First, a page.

Ex-top boss of prison contractor Serco becomes new justice minister
Tory Edward Argar, who became Charnwood’s MP in 2015 – only nine months after quitting his role as head of public affairs at Serco UK and Europe – will be responsible for issues concerning youth justice, female prisoners, and offender health in his new role as justice minister.
The 40 year-old has also worked at infrastructure firm Mouchel, which has also been given contracts by local government to undertake highway and transportation works.
Theresa May will be hoping her new parliamentary under-secretary of state at the ministry of justice, another justice minister to have voted remain in the EU referendum, will not destabilize her cabinet like his predecessor.
Argar replaces Dr. Phillip Lee, who dramatically quit the role on the day the EU Withdrawal Bill returned to the House of Commons, citing he needed to step down to campaign for a second referendum on the final Brexit deal, putting him at odds with his own Tory government.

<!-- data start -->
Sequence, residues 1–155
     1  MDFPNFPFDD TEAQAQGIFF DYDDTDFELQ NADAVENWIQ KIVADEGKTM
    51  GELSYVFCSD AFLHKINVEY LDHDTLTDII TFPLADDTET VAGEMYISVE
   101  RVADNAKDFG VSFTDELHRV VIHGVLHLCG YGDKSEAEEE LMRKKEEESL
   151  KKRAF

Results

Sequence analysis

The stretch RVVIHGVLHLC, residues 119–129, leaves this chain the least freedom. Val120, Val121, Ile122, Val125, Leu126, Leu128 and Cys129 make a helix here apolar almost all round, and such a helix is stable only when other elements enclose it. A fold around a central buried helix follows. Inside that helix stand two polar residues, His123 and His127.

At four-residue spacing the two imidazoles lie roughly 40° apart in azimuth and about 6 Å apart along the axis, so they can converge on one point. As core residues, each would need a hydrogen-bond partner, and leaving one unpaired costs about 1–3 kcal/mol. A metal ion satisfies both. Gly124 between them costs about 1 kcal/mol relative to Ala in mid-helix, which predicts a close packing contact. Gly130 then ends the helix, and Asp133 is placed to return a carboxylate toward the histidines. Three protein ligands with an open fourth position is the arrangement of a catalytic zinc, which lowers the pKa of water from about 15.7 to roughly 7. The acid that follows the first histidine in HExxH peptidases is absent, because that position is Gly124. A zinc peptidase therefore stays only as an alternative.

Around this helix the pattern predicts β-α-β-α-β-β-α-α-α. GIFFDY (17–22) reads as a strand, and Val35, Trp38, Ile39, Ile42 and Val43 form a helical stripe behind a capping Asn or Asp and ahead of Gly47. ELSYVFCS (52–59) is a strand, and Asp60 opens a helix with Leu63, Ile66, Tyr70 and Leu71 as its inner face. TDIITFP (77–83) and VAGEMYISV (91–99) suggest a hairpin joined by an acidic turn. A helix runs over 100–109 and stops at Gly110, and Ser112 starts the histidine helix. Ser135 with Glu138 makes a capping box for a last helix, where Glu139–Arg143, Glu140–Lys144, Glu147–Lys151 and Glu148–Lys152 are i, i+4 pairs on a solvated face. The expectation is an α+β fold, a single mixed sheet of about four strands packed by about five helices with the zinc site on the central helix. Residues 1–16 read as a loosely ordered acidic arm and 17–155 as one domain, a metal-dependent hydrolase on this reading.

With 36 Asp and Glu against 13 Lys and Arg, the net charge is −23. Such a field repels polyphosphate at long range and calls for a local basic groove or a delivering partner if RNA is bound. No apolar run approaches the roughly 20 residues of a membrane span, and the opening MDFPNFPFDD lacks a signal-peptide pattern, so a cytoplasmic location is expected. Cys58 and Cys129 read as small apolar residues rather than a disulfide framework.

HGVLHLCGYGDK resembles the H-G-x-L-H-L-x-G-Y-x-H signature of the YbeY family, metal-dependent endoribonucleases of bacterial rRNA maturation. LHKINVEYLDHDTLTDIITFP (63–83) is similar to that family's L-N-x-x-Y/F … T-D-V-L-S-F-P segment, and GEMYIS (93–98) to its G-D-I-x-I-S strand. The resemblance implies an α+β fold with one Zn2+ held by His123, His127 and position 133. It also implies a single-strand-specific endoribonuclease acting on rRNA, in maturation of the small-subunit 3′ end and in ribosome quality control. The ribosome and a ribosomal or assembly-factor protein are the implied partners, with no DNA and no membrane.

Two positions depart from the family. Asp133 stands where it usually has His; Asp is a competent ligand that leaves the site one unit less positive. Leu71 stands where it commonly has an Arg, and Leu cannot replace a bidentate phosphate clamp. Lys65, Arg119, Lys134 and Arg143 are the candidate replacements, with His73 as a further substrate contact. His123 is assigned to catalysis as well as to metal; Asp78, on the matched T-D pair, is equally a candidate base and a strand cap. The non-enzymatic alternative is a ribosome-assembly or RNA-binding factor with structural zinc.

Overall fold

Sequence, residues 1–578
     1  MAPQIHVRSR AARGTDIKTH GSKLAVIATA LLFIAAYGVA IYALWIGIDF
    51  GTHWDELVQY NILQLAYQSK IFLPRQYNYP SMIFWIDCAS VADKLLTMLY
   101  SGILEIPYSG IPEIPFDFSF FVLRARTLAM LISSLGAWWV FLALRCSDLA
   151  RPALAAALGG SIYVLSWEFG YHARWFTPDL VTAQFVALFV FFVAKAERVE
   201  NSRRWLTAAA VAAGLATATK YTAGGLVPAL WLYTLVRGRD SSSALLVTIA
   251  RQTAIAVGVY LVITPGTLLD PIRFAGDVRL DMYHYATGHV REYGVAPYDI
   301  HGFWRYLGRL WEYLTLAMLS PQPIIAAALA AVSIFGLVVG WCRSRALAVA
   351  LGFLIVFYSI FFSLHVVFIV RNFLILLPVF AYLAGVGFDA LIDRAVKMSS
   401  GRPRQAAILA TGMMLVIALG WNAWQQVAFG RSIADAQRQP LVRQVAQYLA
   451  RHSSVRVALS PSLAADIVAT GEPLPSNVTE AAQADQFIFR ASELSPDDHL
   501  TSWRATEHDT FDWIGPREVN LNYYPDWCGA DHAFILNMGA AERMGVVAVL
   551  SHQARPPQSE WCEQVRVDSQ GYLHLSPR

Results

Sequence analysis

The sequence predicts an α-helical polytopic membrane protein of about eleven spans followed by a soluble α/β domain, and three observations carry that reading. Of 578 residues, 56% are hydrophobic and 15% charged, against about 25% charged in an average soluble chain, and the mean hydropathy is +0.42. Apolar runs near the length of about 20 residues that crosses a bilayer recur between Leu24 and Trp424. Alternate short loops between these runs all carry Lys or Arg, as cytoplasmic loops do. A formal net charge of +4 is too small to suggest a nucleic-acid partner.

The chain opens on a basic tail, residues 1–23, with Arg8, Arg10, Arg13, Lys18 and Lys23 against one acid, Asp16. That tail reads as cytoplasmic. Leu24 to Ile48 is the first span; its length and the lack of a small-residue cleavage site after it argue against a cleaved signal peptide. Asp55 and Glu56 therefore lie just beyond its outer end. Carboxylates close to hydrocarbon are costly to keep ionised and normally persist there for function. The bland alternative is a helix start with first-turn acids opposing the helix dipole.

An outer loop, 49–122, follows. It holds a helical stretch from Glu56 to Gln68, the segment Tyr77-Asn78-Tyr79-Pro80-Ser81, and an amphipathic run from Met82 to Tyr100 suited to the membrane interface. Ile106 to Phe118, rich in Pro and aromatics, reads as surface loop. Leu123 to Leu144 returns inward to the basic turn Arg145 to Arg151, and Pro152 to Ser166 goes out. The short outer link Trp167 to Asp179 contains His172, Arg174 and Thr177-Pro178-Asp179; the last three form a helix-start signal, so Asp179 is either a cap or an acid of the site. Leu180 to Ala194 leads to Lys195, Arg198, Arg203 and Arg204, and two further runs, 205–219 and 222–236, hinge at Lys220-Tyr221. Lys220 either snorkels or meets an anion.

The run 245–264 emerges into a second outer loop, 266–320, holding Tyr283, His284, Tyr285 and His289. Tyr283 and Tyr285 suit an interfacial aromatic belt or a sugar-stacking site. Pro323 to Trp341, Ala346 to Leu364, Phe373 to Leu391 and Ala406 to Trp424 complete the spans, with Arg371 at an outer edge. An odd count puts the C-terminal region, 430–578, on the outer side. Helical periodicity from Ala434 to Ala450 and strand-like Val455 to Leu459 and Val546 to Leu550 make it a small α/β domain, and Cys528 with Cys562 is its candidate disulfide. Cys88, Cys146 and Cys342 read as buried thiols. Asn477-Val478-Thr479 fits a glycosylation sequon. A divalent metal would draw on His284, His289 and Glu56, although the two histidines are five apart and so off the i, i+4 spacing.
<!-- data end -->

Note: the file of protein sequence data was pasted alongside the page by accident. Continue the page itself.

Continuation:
Serco was at the center of a huge row in 2013 when it agreed to repay the government £68.5 million (US$91 million) for overcharging on a criminal tagging contract.
The outsourcing company is one of three firms to share 14 privately managed prisons in England and Wales – Serco controls five of these. They run Doncaster, Ashfield, Dovegate, Lowdham Grange, and Thameside prisons on behalf of the Ministry of Justice (MoJ). Doncaster was criticized by inspectors in 2016 who found vermin and “overwhelmed” staff.
In total, private institutions make up around 15 percent of Britain’s prisons, with the rest managed by the National Offender Management Service (NOMS), according to the Mirror.
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